Perth City Hall demolition on hold while hotel plan takes shape

Perth City Hall.

The decade-long quest to resolve the future of Perth City Hall has taken yet another twist.

Councillors accepted that converting the listed Edwardian hall into a five-star hotel was an acceptable course of action but questioned whether it has the necessary financial backing to become a reality.

Members of the development management committee were told that the viability of the project was not a matter that should concern them at this stage and they should restrict their deliberations to the application before them.

Faced with a conversion plan which was backed by Historic Scotland and in accordance with their own development plan, the councillors unanimously approved the application.

Various councillors made it clear to the applicants, the Seventy Group, that they would require to demonstrate that the proposal had serious financial backing if it was to progress.

Malcolm Smith, planning consultant for the Seventy Group, outlined its vision, which would see the city hall converted into a 32-bedroom, five-star hotel with amenities including a restaurant, bar, banqueting facilities and outdoor terrace area.

He said it was the intention to retain the character of the building, with most of the changes happening inside.

“The foyer and stairs will remain as they are,” said Mr Smith, adding that there would be a horizontal division of the building to create the floors.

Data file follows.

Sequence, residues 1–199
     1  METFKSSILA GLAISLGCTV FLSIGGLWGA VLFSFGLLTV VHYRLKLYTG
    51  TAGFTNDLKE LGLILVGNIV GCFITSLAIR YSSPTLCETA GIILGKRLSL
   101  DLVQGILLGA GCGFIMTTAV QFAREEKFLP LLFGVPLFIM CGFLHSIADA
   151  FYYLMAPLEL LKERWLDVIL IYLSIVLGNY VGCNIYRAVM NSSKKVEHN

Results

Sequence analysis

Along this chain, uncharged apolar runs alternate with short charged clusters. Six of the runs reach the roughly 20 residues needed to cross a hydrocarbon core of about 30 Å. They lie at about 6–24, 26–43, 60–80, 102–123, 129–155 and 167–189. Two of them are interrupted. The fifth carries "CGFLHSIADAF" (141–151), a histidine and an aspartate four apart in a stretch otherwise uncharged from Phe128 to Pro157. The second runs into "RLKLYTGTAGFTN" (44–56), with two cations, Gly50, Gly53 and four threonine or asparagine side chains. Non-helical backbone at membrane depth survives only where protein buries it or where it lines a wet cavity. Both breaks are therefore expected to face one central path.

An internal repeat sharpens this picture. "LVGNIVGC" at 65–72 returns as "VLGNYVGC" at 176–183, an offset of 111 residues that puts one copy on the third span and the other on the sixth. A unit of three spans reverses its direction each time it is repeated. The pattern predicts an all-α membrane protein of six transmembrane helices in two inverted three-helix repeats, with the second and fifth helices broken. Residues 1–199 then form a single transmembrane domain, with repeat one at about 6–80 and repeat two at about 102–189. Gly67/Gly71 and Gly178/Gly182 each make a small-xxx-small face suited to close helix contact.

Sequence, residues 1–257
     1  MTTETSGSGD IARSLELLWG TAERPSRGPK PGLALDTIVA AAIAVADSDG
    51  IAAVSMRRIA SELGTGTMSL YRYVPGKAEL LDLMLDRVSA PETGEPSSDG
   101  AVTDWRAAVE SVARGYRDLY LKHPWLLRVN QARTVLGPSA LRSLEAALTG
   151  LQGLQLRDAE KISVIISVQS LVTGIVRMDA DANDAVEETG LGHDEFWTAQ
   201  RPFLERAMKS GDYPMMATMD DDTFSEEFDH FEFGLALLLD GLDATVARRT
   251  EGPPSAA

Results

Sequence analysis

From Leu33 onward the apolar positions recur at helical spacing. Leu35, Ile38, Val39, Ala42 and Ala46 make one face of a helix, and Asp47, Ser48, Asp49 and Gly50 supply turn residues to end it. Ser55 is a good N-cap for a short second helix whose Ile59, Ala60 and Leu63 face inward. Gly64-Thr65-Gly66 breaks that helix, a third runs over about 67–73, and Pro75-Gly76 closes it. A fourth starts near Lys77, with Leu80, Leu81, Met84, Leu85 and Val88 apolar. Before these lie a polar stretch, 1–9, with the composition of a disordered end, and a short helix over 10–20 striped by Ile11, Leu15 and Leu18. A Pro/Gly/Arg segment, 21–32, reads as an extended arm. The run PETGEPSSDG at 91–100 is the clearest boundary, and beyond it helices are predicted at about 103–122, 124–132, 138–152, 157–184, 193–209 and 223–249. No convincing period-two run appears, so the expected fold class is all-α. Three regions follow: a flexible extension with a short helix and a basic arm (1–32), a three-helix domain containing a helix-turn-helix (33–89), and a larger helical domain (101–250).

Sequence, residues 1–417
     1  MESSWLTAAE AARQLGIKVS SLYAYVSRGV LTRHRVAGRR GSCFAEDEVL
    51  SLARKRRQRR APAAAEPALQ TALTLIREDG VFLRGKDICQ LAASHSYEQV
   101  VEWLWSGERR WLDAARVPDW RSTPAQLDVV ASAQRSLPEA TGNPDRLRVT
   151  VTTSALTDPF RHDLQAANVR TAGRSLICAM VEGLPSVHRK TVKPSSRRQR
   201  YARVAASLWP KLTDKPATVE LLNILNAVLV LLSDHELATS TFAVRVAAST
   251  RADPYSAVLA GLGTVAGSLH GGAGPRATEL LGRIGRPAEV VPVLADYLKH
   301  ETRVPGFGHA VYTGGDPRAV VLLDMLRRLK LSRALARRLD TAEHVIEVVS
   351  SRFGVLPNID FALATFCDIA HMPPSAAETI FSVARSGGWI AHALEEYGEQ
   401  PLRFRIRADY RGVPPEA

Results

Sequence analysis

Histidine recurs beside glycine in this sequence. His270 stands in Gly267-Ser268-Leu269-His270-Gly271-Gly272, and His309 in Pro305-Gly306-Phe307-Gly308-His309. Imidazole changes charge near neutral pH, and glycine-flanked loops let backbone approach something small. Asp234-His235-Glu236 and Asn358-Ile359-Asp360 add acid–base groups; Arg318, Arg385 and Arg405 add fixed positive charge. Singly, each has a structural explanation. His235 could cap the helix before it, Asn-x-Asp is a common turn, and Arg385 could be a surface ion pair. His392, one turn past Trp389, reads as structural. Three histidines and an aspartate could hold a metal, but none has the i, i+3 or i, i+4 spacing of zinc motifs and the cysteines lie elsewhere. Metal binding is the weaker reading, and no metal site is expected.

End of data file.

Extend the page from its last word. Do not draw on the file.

“We will be very careful to keep as much of the intrinsic character. What we want is the least intrusion with the most benefits.”

He said that a new hotel demonstrated clear economic benefits for the city of Perth in terms of employment during construction, and in the longer term as a visitor draw.

Mr Smith maintained that the economy had improved recently, paving the way for the hotel.

“Now is the right time for this hotel development to come forward,” he said.

The financial viability of the project proved a thorny issue for Councillor John Kellas, who pressed Simon Wilson of the Seventy Group about the strength of backing for his vision.

Mr Wilson assured him that he was confident in light of “positive discussions” held with international hotel operators who were impressed by the plan.

“The site is unique in the centre of Perth and an iconic structure in my opinion, the location is second to none,” said Mr Wilson.

While financial information was commercially sensitive, he conceded that they would require to be more forthcoming as their application progressed through the system.

Councillor Willie Robertson said he has seen the positive impact hotel development has had in historic parts of Edinburgh.

However, he wondered about the time scale envisaged by the Seventy Group for the project.

Mr Wilson said they had moved rapidly over the past few weeks and it was now out of his hands.

“It is really up to the council,” he maintained.

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